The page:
COVID-19 Puts Spotlight on Organizational Investments in Human Capital Technology

Apr 2020

Over the last decade, organizations around the world have debated the strategic merits and pace of investments in technology focused on the challenge of attracting, engaging and retaining talent. During a period of substantial economic expansion and low unemployment, companies were faced with a smaller available labor pool who had elevated expectations of their employers. Accordingly, organizational strategies about human capital shifted from purely administrative in nature to a focus on engaging and optimizing talent to drive productivity. Leveraging investments in technology, data and analytics has allowed organizations to more effectively address this strategic challenge.

In addition to the profound societal and economic disruption of COVID-19 which is still rippling around the world, unemployment in the US is nearing 20 million and management and HR professionals have been forced into crisis mode. Ensuring the health and wellbeing of employees while constructing a viable, frequent communication strategy was paramount. Focus was put on transitioning to remote work while ensuring employees remained engaged. Effectively dealing with employee concerns and uncertainty while maintaining the viable continuity of business operations became a juggling act. These dynamics are still playing out within organizations globally, but strategic investments in technology have allowed some to respond more proficiently than others.

The length and magnitude of the current global pandemic still needs to play out before any return to employment normalcy can be determined. Regardless, the trend towards digital transformation in managing an organization’s human capital has been accelerated as a result. Leadership will be more acutely focused on how technology can allow their businesses to adapt and be more resilient as the current crisis recedes while allowing them to be better prepared for “black swan” organizational disruptions in the future.


Rapid Transition to Remote Work

Aside from the massive displacement of the workforce created by the COVID-19 pandemic and virtual shut down of some parts of the economy, the most pronounced impact the current pandemic is having on organizations is the shift, in most cases, to a fully remote workforce. Despite remote work becoming more prevalent in recent years, the current crisis has positioned it as an integral part of life essentially overnight and companies have had to develop policies and invest in technology on the fly. Those that weren’t prepared are rolling out new tools, rules and training programs, in some instances from scratch. The sheer speed and scale of these changes has been especially challenging as instead of having the luxury of small scale test runs with time and resources to perfect, management teams are upgrading across divisions and geographies concurrently, amidst daily changes in government guidelines across every jurisdiction in which they operate.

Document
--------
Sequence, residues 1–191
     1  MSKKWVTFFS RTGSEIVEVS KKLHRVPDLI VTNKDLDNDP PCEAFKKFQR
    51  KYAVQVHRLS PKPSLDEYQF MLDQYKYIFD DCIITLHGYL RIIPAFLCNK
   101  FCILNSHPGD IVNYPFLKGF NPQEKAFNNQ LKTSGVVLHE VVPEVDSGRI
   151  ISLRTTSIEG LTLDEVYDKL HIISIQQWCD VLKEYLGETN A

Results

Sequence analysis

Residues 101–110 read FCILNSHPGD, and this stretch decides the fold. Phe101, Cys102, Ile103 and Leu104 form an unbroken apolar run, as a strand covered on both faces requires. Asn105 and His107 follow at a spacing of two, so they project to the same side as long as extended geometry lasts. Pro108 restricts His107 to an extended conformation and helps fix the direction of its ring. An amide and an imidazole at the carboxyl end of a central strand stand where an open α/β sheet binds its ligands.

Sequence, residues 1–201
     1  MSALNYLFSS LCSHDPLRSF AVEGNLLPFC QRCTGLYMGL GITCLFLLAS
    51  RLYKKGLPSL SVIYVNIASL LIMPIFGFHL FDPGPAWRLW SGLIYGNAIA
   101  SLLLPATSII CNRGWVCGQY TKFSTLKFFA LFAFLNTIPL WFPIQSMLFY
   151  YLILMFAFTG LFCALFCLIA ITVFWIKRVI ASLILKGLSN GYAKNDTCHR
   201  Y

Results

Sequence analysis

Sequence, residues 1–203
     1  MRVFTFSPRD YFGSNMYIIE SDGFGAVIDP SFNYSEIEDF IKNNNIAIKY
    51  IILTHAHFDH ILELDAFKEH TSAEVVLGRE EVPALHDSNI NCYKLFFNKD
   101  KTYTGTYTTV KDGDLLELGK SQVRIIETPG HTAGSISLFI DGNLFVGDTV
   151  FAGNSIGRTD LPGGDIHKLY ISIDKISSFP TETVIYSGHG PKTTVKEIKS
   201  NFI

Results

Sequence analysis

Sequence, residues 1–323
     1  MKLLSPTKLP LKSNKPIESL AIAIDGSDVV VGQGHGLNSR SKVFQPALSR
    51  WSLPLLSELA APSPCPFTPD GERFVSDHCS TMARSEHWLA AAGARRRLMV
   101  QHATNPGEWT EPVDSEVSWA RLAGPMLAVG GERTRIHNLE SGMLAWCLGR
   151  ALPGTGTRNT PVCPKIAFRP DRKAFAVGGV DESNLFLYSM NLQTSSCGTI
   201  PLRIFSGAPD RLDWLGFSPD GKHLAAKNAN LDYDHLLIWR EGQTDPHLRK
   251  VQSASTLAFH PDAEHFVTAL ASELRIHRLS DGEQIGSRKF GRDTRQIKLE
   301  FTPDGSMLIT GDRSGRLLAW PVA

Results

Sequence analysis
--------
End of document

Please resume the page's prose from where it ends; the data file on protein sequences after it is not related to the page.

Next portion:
One key takeaway for organizations from the pandemic will be to reevaluate their disaster and crisis recovery plans. Strategic investments in HR technology that more efficiently facilitate remote meetings, communication and collaboration will be a priority. In addition to popular solutions from Zoom, Slack and Microsoft Teams, companies that facilitate remote employee collaboration and learning experiences such as Absorb Software, Inkling, Mersive, SocialChorus and others can stand to benefit from these shifting workforce dynamics.

Lastly, the continued adoption of mobile-enabled technology and applications across the spectrum of human capital use cases will continue to rise as value is placed on flexibility and connectivity across organizations globally.

Adaptive Talent Acquisition Strategies